The final days of the trial have been marked by emotional final statements from the co-plaintiffs — all survivors of the attack or their relatives — who spoke personally or through statements read by their lawyers.
Their statements varied wildly — and often offered very different assessments of the trial and how it had been treated inside and outside the court.
There were more than 40 co-plaintiffs in all, representing some of the 52 people in the synagogue at the time of the attack, relatives of the two people murdered, as well as people shot and injured by the perpetrator by his escape.
Many of the survivors saw the trial as a missed opportunity. Some aired criticism of the judge and the police investigations into the radicalization of the perpetrator.
"Taking part in this trial made me scared, and made me angry," co-plaintiff Talya Feldman, a survivor from the synagogue, said.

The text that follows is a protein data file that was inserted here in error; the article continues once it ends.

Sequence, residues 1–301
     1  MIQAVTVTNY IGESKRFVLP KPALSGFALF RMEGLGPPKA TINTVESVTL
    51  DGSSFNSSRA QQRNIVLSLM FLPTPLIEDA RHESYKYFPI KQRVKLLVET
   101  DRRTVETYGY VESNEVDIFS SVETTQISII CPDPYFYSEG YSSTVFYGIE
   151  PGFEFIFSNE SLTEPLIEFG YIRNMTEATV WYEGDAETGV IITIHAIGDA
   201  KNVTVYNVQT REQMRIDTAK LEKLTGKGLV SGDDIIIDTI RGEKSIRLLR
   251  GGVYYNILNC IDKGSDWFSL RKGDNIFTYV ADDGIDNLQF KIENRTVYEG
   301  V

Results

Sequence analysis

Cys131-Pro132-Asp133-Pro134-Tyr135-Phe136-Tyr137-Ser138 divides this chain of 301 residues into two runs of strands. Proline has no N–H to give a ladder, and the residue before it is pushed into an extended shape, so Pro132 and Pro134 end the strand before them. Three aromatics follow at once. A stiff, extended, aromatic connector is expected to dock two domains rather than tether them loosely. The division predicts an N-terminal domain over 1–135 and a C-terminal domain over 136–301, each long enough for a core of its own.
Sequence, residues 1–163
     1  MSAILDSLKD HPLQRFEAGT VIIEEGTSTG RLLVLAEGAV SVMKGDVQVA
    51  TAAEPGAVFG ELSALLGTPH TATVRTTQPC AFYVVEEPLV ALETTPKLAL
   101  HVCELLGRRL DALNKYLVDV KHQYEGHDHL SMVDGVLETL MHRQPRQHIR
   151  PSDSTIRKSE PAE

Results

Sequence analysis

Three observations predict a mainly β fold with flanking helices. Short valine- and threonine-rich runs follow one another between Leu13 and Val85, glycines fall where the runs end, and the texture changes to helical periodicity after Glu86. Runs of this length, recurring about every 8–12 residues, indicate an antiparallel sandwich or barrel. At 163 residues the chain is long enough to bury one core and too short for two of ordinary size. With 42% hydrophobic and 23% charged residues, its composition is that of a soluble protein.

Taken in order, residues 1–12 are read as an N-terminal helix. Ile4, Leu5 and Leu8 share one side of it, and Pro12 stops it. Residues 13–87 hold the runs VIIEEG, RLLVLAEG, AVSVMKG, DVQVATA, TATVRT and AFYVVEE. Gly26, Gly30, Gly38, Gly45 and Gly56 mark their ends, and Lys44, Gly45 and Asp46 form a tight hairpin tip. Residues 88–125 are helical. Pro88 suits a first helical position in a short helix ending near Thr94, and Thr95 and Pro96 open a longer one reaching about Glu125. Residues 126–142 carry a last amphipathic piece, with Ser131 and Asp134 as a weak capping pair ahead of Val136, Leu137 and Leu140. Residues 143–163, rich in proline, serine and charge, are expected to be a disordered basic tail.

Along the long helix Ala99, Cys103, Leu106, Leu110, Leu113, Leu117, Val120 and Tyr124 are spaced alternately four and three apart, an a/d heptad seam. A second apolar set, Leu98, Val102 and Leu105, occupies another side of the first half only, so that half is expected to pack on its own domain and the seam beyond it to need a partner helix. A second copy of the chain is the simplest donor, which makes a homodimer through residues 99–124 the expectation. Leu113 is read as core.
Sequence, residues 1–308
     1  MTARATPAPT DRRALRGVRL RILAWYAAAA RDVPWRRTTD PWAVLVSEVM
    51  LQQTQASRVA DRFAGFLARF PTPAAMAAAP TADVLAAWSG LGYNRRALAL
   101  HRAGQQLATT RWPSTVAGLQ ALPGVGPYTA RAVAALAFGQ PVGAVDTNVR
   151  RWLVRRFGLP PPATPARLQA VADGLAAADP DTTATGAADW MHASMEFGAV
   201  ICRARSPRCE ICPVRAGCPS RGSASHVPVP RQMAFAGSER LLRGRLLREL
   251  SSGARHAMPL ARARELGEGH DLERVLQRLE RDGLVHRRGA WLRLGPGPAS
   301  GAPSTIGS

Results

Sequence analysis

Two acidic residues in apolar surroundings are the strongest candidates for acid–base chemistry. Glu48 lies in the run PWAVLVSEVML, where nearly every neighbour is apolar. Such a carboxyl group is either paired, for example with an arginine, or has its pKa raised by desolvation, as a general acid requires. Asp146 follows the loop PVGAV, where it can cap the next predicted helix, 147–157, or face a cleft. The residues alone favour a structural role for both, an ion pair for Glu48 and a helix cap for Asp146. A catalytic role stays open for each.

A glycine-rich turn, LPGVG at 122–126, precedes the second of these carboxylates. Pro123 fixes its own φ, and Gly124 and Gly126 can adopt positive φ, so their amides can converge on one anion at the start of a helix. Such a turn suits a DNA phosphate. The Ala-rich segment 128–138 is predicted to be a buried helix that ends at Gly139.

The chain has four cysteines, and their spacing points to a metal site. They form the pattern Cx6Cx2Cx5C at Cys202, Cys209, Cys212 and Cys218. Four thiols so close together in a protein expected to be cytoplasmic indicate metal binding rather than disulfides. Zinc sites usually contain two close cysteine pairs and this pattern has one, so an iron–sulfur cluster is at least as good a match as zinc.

She accused the court of failing to allow important expert witnesses to testify and the police of ignorance and incompetence, particularly by failing to acknowledge the ties to the Christchurch attack in New Zealand.
There was also criticism of the fact that many of the police officers who testified about the investigation appeared to be ignorant about the internet forums and the online game culture that Stephan B. had frequented. During the trial, it fell to the co-plaintiff lawyers – rather than the judge or the state prosecution — to call expert witnesses in these areas to testify.
"That criticism was harsh, and it was necessary and important," said the lawyer Hoffmann. "There was some very unsatisfactory questioning of witnesses. That's not just worthy of criticism but also embarrassing."